Milk Glass at the Kooskia Internment Camp

Hi, I’m Julia Altman, a second year master’s student at the University of Idaho.  My focus is rock art research, particularly of the northern Great Basin and the Columbia Plateau.  I am helping with the Kooskia collection in order to broaden my horizons and gain experience with historic archaeology.

I noticed a large amount of milk glass in the collection – fragments of small , 1 1/3 ounce jars (one fragment is marked with the size).  Milk glass, otherwise known as opal glass, is opaque white and milky in appearance. It was used for a variety of products over the years, from fine dinnerware in the early twentieth century to lower quality toiletry bottles in the 1930s and ‘40s.  Fluoride was used in its manufacture, which led to the detoriation of the molds. It was eventually discovered that the fluoride was leaching into streams and rivers, so that method has not been used since the 1960s (Milk Glass 2011).

Figure 1: Three fragments of a milk glass jar discovered at Kooskia

The presence of milk glass at Kooskia is interesting since the internees were all male, and small milk glass jars in the 1940s usually contained cold cream, most commonly Pond’s cold cream. Cold cream was marketed to women at that time, with a an advertising campaign of beautiful female celebrities. It was used by women to remove makeup and for soft, smooth skin.   It was also at times marketed as a “family” lotion (Spokesman Review, 19 October 1940: 27).  Why would these men have used a typically female product?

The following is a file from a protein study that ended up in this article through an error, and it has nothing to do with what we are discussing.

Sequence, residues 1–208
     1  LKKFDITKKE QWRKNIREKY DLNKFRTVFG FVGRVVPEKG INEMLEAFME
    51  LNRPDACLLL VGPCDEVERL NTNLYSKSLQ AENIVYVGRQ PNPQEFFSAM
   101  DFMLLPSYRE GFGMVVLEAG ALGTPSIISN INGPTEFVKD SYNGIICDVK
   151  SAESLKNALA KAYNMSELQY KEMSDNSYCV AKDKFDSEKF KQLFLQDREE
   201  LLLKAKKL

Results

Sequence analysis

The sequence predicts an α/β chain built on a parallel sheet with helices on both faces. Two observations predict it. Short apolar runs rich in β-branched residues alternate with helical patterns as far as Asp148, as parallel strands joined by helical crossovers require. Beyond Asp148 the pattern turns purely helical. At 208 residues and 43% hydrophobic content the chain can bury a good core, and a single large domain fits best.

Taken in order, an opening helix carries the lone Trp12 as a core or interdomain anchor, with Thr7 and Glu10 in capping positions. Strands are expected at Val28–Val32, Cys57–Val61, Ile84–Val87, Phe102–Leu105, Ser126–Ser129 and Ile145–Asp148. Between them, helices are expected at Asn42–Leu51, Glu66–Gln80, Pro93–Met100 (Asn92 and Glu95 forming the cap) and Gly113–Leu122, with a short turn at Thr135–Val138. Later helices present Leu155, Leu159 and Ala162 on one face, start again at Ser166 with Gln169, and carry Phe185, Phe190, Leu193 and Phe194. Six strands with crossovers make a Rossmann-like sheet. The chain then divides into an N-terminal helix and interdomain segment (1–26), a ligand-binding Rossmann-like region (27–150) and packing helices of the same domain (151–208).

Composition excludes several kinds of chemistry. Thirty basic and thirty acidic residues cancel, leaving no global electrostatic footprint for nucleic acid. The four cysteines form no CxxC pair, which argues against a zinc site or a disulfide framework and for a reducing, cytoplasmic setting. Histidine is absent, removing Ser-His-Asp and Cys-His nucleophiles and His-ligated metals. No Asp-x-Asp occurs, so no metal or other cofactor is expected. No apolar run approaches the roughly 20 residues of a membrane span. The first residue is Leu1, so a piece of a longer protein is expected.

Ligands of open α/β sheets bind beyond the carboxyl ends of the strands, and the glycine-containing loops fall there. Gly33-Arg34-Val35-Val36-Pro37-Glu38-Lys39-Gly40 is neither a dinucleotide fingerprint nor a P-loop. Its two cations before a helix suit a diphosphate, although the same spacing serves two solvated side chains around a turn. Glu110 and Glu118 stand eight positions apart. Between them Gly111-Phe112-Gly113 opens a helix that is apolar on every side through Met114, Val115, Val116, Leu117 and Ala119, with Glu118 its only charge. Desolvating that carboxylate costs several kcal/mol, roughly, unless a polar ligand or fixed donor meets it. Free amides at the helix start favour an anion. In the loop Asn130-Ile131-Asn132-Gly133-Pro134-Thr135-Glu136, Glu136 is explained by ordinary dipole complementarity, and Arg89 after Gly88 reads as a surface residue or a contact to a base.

Figure 2: Fragments of milk glass jar. Top left fragment reads, "1 1/3 ounces, UTTEMOR."

Upon further examination of the artifacts, however, I noticed that one fragment reads, “Mentho[l].” This clue revealed that the men were likely using menthol ointment, for the treatment of skin inflammation, sore muscles, or nasal congestion. This ointment came in small, 1 – 3 ounce milk glass jars (as well as tins) with metal lids (Lindsey 2011). Although I am unaware of any lids in the Kooskia collection, I am curious to find out whether or not there may be some.  The internees were engaged in hard physical labor and may have also had low immune system resistance due to stress, resulting in colds.  Menthol ointment was a common remedy for such ailments in the 1940s.” While I have been unable to find a manufacturer name containing those letters, with further research I expect that the company name will become apparent.  The most well known manufacturer of menthol ointment at the time was J.R. Watkins, whose jars were very similar in appearance and size to the ones used at Kooskia (Seidler 2011).

Figure 3: Another fragment is imprinted with the fragment of a word, “UTTERMOR.”

References

Milk Glass

2011 Milk Glass. Electronic document, http://milkglass.org, accessed April 6, 2011

Lindsey, Bill

2011 Bottle/Glass Colors. Electronic document, www.sha.org/bottle/colors.htm#milk_glass,    accessed April 4, 2011

Seidler, Douglas and Alice Douglas

2011 Watkins Menthol Camphor Ointment Jar. Electronic document,                      http://www.goantiques.com/detail,watkins-menthol-camphor,1916695.html, accessed             April 8, 2011.

Spokesman Review [Spokane, WA]

1940 “Advertisement placed by Ponds Cold Cream.” 19 October: 27. Electronic document,               http://news.google.com/newspapers?id=wChWAAAAIBAJ&sjid=B-                  QDAAAAIBAJ&pg=5829,1275127&dq=ponds+cold+cream+history&hl=en, accessed April         6, 2011.

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